Commonly known as Lane’s Lexicon, this is the most meticulous and thorough Arabic-English dictionary ever produced. Because of its clarity and logical structure, it is even used extensively by serious modern Arab linguists.
The English scholar Edward Lane spent decades collating, translating and summarising material from classical Arabic dictionaries. He added notations, references and comments which gives modern students unparalleled access, in a single dictionary, to the work of all the major classical lexicographers.
The clarity and logical structure of Lane’s work can only fully be appreciated by comparing it to the sources from which Lane drew, such as Lisān al-‘Arab or al-Qāmūs al-Muḥīṭ. In many ways, Lane’s Lexicon has made the use of classical Arabic dictionaries almost obsolete for the English speaking student; almost, but not quite.
For one thing, Lane’s dictionary is incomplete. He died before he could finish it, and so beyond the letter qāf there are incomplete notes only, which are nonetheless still of considerable value. As well as this, some of the more obscure Arabic words (even before the letter qāf) are not covered at all.
Also, it is very, very detailed! This is truly a dictionary for the advanced student. A student who is not yet ready for it will simply be overwhelmed, and it will hinder rather than aid his or her progress.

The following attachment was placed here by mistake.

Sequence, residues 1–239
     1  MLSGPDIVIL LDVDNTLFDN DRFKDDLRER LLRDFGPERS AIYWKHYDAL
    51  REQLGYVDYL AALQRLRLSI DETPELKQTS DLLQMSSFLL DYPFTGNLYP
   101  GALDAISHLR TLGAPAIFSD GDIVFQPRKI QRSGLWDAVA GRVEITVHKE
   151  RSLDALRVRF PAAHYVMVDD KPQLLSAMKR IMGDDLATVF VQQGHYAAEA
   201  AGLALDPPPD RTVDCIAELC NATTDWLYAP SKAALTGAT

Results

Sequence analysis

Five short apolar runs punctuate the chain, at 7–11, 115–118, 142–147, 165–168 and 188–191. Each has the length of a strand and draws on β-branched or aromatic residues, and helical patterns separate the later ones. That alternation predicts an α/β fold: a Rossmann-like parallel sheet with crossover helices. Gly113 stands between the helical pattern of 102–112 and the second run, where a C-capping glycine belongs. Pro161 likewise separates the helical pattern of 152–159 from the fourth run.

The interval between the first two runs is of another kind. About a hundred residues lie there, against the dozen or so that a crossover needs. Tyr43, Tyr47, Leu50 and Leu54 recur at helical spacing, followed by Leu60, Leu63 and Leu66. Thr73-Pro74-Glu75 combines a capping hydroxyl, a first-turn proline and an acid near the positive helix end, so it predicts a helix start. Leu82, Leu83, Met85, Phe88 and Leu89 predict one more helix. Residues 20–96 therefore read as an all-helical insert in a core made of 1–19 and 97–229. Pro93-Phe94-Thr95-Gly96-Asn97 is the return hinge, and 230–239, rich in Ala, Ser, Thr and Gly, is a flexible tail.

As a rule, don’t start using Lane’s Lexicon until you are reasonably comfortable reading both modern and classical Arabic texts, are able to use a basic classical Arabic-Arabic dictionary, and are finding that your understanding of classical texts is hindered by your not having detailed enough information about word usage.
Because this is a classical multi-volume Arabic dictionary, it would be both impractical and unhelpful to use it modern Arabic texts, such as newspapers – as with Hava, you won’t find the words for ‘car’ or ‘computer’ in here.
Even if you have no real interest in modern Arabic, you will still need a modern Arabic-English dictionary, such as Hans Wehr, which, if used in conjunction with Lane’s Lexicon, will alert you to which words are more commonly used in Arabic today, and how, if at all, their meanings have changed.
In conclusion, if used at the right stage of your Arabic education, this dictionary will form an absolutely essential (if costly) accession to you Arabic library.